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Showing posts with label Informational Text. Show all posts
Showing posts with label Informational Text. Show all posts

Seashore Week!

Kids love themes, and what is a better theme for the classroom than going to the beach?
Seashore Week! Kids love a fun theme. It's motivating for them and holds their interest. Here are some ideas for spending a week at the "beach!"

No, we're not going to the seashore, I'm just trying to think of fun ways to get them working and learning these last few weeks.  

Here's what we're going to do during Seashore Week:


1. Literature! First of all, there will be plenty of literature!  Here are some books I've found with a seashore or beach theme: (Click the image for a link to Amazon to find more about the book!
                        

I have a feeling I'll find more great books as I go through my classroom library as well as my school library.  I like to read several examples of fiction as well as nonfiction to give the children a real feel for what we're studying. 

2. Music and Sounds! Next, to set the mood:





Here is a Youtube video of ocean waves and sounds: very peaceful! Great background sounds!

Or try this one! I'll be playing this one when they're painting or creating!

2. Writing! After all this seashore learning, We're going to have to do some writing!  I made up some paper with a seashore theme (see image at top of page!)  For this freebie, click HERE.
 
Seashore Week! Kids love a fun theme. It's motivating for them and holds their interest. Here are some ideas for spending a week at the "beach!"

4. Beach Towels! Of course, I really have to get the kids into the feel of the ocean. I'll be inviting them to bring beach towels next week. My plan is to let them take out their towels during Independent Reading time.  I'll play my ocean sound CD, and they can pretend to do my very favorite summer activity... reading at the beach!

5. Beach Themed Centers!  Here's my Seashore Theme Unit Literacy and Math Centers: click the image for the link!
 
 
Seashore Week! Kids love a fun theme. It's motivating for them and holds their interest. Here are some ideas for spending a week at the "beach!"

  Want a little more ocean fun? Here's some Science and Social Studies activities, many of which focus on water! Science and Social Studies Activities for Summer
 
Seashore Week! Kids love a fun theme. It's motivating for them and holds their interest. Here are some ideas for spending a week at the "beach!"
 

What ideas do you have for Seashore Week?  I'd love to hear your ideas!

Seashore Week! Kids love a fun theme. It's motivating for them and holds their interest. Here are some ideas for spending a week at the "beach!"

 

Maple Weekend

It's the end of winter here in New England, and we're enjoying a New England tradition:  Maple sugaring!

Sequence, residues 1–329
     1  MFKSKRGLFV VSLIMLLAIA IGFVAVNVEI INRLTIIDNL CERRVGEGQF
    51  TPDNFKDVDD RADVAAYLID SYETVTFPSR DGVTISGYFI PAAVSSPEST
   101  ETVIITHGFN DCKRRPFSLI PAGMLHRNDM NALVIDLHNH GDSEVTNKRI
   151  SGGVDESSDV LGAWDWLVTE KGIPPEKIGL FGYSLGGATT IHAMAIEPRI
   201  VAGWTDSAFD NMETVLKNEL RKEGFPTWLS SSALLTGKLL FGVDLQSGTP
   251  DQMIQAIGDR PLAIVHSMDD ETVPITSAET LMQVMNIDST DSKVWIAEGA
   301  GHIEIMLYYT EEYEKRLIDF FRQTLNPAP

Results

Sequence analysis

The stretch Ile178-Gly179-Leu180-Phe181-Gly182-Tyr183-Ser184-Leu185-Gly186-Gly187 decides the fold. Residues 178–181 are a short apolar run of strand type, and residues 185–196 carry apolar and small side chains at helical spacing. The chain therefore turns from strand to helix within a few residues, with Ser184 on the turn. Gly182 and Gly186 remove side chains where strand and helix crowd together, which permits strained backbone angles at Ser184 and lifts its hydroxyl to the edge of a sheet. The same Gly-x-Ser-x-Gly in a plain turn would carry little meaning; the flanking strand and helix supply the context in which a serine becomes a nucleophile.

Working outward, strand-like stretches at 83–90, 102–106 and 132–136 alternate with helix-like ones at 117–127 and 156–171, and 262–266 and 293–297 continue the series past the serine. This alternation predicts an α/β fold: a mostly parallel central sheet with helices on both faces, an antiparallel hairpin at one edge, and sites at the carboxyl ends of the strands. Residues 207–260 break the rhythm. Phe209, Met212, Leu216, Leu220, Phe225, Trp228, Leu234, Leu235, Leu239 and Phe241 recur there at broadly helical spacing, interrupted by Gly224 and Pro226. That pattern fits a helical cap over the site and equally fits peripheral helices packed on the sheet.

Maple Weekend: Facts, videos, and books to help children learn about how Maple Syrup is made!

Over the last couple of weeks, we've seen many a maple tree with buckets attached!  Yep, when the days get warm but the nights are still cold, that's the right conditions for getting that sap flowing! They collect that sap and boil away!

  • Did you know it takes 40 - 50 gallons of sap to make one gallon of maple syrup?

I love to use children's literature to teach science and social studies concepts.  
This topic includes both, a little history of the New England area, plus the science of trees and sap, as well as states of matter and evaporation!

Want to learn more about how maple syrup is made?  Here are a couple of informational books for kids about the process.  
      

Here are a few realistic fiction books that share the experience of maple sugaring:

          

  

It's truly a fascinating process!  There are several "Sugar Houses" in my area, and a true hint that winter is nearing an end.  The State of New Hampshire officially declared this "Maple Weekend" and many Sugar Houses are opened to the public this weekend!

Here's a little video I found on Youtube that demonstrates the process.


Doesn't it make you wonder how people figured out that draining trees of sap and boiling it like crazy would make a yummy liquid?  Did they try oak trees and pine trees?  How did they know to drill a hole in the tree and put a bucket underneath?  

Here's one fiction book that suggests how it might have happened, back in the days when Native Americans lived peacefully with the earth in the New England area:


Don't you just love books that put you in a totally different time and place? Historical fiction is one of my very favorite genres, how about you?

Maple Weekend: Facts, videos, and books to help children learn about how Maple Syrup is made!

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